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Court rules GST on criminal law services constitutional

|Written By Michael McKiernan

A Kelowna, B.C. criminal law practice faces a tax bill of $200,00 after failing in its latest attempt to have GST on criminal defence legal services declared unconstitutional.

The Tax Court says charging GST for criminal law services does not impede a person’s right to counsel. (Photo: Shutterstock)

Stanley J. Tessmer Law Corp. argued the imposition of the GST infringes s. 10 (b) of the Charter, by impeding an arrested or detained person’s right to counsel.

“The appellant maintains that, by its nature, a tax on criminal defence legal fees will, at some level, be prohibitive or at the very least act as an impediment to or will interfere with the right to counsel since the additional cost of the tax to an accused will interfere with the financial resources available to mount a defence to the charges brought against him or her,” wrote Tax Court of Canada Justice Brent Paris, summing up the firm’s case.

However, Paris was not convinced, going on to find in his Jan. 28 judgment that on the facts of the case, a breach was not made.

Between 1999 and 2006, the firm’s principal, Stanley Tessmer, and two other lawyers, did not collect GST on bills for some of its arrested clients, who were either charged with a criminal offence or who had criminal charges pending.

After being slapped with an assessment for $228,000 in GST, plus interest and penalties, the firm appealed to the Tax Court of Canada. The law firm won an early minor victory when the court found it did have standing to raise the alleged Charter breaches, before Paris’ decision dismantled the case. It isn’t the first time the firm has challenged a GST assessment — a previous appeal to the Tax Court by the firm claiming a Charter breach was dismissed in 1999.

This time around, Tessmer claimed the purpose of the GST legislation was unconstitutional because of the inconsistency between the government’s dual roles as prosecutor and tax collector on the services required to defend that prosecution.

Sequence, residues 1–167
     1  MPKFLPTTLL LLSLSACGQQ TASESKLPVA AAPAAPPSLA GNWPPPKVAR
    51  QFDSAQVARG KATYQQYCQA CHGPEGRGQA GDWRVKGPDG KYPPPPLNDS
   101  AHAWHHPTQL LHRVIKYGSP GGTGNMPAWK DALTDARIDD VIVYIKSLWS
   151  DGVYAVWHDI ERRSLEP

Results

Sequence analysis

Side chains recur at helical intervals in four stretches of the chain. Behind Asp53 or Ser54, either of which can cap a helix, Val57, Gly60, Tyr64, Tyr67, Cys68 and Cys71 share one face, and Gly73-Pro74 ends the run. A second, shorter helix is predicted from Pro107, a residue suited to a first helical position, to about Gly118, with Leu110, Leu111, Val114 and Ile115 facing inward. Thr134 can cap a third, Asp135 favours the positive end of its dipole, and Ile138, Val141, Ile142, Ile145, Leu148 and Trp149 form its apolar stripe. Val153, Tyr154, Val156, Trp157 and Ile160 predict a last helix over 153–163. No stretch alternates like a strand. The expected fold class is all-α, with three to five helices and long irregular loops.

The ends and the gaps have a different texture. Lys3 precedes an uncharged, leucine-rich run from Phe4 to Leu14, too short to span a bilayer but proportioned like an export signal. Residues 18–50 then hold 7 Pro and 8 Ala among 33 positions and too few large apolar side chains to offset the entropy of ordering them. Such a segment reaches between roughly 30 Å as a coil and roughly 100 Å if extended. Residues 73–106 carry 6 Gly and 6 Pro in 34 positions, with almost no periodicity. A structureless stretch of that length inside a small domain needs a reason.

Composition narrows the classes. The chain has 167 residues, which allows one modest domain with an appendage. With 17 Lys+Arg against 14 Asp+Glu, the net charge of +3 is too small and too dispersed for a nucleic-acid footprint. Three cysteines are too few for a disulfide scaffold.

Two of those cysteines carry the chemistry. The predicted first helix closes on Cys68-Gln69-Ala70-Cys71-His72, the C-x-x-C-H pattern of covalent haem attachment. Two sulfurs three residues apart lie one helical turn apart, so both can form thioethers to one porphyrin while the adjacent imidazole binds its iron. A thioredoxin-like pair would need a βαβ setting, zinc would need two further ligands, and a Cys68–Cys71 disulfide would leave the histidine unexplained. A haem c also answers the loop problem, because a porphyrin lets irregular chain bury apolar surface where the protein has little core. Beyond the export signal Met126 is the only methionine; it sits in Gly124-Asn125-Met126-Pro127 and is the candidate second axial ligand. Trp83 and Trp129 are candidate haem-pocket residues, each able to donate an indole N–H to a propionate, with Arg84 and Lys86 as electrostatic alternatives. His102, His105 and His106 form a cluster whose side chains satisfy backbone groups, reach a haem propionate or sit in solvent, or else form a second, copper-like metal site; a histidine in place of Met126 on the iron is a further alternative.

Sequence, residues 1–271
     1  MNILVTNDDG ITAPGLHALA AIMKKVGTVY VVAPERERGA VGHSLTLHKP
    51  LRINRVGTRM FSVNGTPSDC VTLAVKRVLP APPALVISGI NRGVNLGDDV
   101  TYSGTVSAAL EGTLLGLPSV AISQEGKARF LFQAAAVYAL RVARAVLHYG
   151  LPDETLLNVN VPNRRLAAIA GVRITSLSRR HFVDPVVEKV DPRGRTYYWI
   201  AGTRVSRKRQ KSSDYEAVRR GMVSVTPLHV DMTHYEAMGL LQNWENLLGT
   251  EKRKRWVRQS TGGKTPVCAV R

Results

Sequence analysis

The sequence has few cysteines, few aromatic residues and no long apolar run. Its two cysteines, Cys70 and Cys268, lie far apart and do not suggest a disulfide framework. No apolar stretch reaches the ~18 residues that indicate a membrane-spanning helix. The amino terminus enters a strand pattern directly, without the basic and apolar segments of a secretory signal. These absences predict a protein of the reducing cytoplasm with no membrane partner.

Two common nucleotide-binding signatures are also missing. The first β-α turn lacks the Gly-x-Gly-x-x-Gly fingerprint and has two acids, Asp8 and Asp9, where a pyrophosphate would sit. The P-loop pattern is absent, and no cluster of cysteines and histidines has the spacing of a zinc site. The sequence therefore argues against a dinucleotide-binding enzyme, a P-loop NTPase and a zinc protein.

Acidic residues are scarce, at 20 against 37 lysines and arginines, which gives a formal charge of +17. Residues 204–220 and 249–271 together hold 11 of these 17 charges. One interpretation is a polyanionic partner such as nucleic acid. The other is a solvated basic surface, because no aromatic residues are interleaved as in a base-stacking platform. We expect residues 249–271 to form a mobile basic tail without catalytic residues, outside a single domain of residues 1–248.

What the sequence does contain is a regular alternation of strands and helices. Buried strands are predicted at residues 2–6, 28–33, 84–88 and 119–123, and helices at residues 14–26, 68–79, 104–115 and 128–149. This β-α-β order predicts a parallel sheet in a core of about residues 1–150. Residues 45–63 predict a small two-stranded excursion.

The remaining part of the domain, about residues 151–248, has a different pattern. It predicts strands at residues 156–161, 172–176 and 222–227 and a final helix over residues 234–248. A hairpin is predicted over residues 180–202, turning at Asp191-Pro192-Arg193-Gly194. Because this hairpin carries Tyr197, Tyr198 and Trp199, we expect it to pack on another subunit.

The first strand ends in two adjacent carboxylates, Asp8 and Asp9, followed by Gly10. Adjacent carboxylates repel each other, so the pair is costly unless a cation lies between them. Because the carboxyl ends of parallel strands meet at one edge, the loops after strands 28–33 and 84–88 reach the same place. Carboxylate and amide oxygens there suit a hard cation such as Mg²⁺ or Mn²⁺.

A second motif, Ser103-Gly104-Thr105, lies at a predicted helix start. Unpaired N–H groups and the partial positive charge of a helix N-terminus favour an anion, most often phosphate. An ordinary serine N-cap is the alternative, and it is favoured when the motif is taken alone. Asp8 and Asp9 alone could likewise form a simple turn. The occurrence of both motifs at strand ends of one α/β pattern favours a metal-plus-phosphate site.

But Paris concluded the legislation was too broad, encompassing as it does an “infinite variety of transactions,” to find its purpose invalid.

In addition to the purpose of the legislation, Tessmer argued its effect was also unconstitutional. The firm had not conducted any assessments on the ability of its clients to pay its fees and the GST on them, but argued it should be allowed to rely on hypothetical situations to show the general effect of the tax was unconstitutional. But Paris again sided against the firm.

“From my review of the Supreme Court decisions on point, it appears that a party may only rely on hypotheticals to establish a factual foundation for a Charter challenge where actual facts are not available to that party. . . . Since the appellant does not take the position that evidence of the effect of the GST on the ability of its clients who were detained or arrested to afford its services is unavailable, I find that this case does not fall within the exception,” Paris wrote.

Without evidence that any of Tessmer’s clients “were unable to retain counsel as a result of the GST payable on legal services,” Paris said the facts of the case did not support the infringement claim.


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